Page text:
Travel slowly, staying in vacation rentals (villas, farms, cottages, apartments)
Report 1842: Letís Go Someplace Like Bolivia...
By Eleanor from UK, Spring 2010
Page 4 of 24: San Pedro de Atacama
Llamas are an important source of wool and meat
We spent four nights here. The first couple of days were spent around San Pedro de Atacama as we adjusted to the heat and altitude. We had done the trips to Moon Valley, Tulor and Quitor and El Tatio geysers last visit so gave them a miss this time.
We had a full day tour round the villages to the north of San Pedro, which took us up to 3500+m. This was followed by a day around the lagoons on the altiplano where we spent several hours walking at 4000+m. This was part of our acclimatisation process - going high during the day but sleeping lower at night.
We did both of these as private tours. On our previous visit we had been part of a larger joint tour. We were lucky with our fellow travellers who were interested in the same things as us but even so we felt restricted by the timetable of the day. We wanted more freedom to stop where we wanted and for as long as we wanted. In fact the private tour was not much more expensive than the joint tour. Tour prices in San Pedro are cheap compared with some other places. We would go down this route another time.
San Pedro itself is always quiet during the day as everyone is out on one of the many day tours. There are plenty of tourist and craft shops to look at and prices are reasonable.
We went into the Archaeology Museum, which covers the history of human civilisation in the Atacama desert. The mummies which used to be displayed in the museum (and are still mentioned in some guide books) are no longer on display as it was felt this was disrespectful to the dead. The museum runs tours in different languages during the day and it is worth joining a tour as there is only a limited amount of information in English. Photography is allowed in the museum so it is worthwhile going round by yourselves afterward to look at exhibits again, read the English information and take pictures. It is always cool in the museum and there are toilets.
We also went into the church, which is a delightful old building. The pastor does not like photography and the old lady who looks after the church discourages picture taking. We also enjoyed sitting in the square watching the world go past.
In the evening we did the Space Star Tour. The tour starts from the office on Caracol. We had been told it would be cold and to wear plenty of layers. There were about 20 in the group, nearly all back packers. We felt distinctly over dressed in our fleeces and jackets. The tour is run by a French couple who have eight telescopes in a field in the middle of nowhere. The tour begins in a round room lit by candles and with a glass roof so we could see the stars. First priority was to take orders for hot drinks after the tour.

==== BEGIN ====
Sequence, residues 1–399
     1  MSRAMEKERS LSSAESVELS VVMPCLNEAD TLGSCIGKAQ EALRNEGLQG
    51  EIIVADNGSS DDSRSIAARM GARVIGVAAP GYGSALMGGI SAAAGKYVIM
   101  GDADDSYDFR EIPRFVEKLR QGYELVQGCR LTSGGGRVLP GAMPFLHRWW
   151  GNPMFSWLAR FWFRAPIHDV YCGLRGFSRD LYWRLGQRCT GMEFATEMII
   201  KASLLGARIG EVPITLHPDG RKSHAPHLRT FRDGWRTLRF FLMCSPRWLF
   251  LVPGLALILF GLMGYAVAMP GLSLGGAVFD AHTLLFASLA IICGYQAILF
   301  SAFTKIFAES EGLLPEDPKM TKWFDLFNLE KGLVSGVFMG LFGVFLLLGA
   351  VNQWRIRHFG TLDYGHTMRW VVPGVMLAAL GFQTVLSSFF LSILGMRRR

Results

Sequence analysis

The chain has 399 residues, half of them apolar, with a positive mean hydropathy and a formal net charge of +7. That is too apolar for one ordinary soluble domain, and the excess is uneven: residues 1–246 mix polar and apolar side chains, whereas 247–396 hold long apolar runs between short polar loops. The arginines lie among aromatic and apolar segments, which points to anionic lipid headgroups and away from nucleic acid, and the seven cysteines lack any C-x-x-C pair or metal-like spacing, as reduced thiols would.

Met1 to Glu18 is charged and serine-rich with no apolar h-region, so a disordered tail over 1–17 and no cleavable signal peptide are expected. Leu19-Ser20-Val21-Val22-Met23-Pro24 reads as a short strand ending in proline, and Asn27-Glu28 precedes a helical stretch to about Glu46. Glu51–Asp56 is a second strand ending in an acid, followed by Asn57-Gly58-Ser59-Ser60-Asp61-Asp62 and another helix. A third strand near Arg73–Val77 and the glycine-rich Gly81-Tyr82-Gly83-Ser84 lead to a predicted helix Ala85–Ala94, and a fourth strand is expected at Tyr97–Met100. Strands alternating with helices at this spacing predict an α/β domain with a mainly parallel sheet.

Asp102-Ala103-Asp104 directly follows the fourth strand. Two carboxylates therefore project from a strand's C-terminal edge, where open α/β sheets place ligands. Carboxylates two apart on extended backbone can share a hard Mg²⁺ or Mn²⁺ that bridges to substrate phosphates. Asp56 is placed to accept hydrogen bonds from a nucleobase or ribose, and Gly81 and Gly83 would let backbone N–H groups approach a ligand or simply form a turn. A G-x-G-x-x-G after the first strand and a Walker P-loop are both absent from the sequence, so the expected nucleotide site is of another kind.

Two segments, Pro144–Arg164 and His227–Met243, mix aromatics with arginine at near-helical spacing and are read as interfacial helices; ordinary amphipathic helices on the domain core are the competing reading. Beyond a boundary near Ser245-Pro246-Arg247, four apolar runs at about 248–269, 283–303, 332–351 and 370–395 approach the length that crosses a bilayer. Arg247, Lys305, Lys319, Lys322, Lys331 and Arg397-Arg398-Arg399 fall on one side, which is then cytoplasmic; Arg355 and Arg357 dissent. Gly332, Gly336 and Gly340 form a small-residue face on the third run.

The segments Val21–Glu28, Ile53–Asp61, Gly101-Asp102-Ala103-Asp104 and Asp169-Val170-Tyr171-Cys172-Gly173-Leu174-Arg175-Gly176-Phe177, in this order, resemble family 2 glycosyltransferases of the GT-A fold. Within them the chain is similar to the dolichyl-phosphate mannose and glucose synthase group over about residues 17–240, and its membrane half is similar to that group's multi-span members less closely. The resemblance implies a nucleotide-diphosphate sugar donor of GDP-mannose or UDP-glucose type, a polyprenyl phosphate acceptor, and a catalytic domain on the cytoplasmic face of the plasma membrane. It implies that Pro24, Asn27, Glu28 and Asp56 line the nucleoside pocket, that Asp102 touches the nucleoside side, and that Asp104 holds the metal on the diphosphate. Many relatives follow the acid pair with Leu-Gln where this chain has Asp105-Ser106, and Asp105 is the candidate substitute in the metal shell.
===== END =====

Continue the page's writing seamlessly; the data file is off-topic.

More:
After a brief introduction and talk about the stars - their changing positions and use by the ancients as a calendar - we were taken outside. It was very clear and the Milky Way really did look milky. There were almost too many stars to be able to identify constellations. It brought home to us just how few stars are seen in England due to light pollution. It wasn't 100% dark as we could see the glow of San Pedro and a small settlement to the south east. It was quarter moon so there was little moonlight to mask the stars.
We were shown the positions of the stars and constellations using a laser beam. The Southern Cross was pointed out and how it is used with Alpha Centauri to find south. The constellations of Orion, Taurus, Sirius, Cancer, Leo, Gemini were identified. (They are 'back to front' compared with the northern hemisphere.) Mars and Saturn were also visible and we could see the rings of Saturn and a couple of its moons.
We were taken round the telescopes and were given an explanation of what was visible through each of them. We then had about 40 minutes to look through telescopes and ask questions. There were always two people on hand to check telescopes were set up correctly and had not been moved out of alignment.
It was then back to the house for a hot drink, final questions and summing up.
This was a very well worth while trip and we learned a lot. It was not as cold as expected and we were definitely overdressed.
We were booked into Hotel Altiplanico, which we used last time. It is about 15-20 minute walk outside San Pedro de Atacama on the road to Pukara de Quitor. It is designed to look like a traditional adobe village surrounded by pleasant gardens with swimming pool.
Each room is in a 'house' and each one is different. Furnishings are simple - almost basic, but the rooms have great character. Outside the 'back door' was a small sitting area. Our room also had an outside shower - great for cooling off during the heat of the day.
There are two computers for guest use in the reception area and wireless is available although it may not reach all of the rooms, so you may need to use computers in the reception area. Tea, coffee and water is available all day in reception. The receptionists were good, friendly and most had good English.
Breakfasts were excellent - buffet style with plenty of choice, especially sweet cakes and flans. There was a reasonable choice on the evening menu, which wasn't expensive for a hotel like this. Depending on how busy they were the meal could be slow to arrive. Staff in the dining room had little or no English but were delightful and so keen to help. It's amazing what can be achieved by a smile and hand gestures.
Unlike some of the other expensive hotels in San Pedro the Altiplanico makes a point of employing local staff. You feel that your money is actually making a difference to the community.
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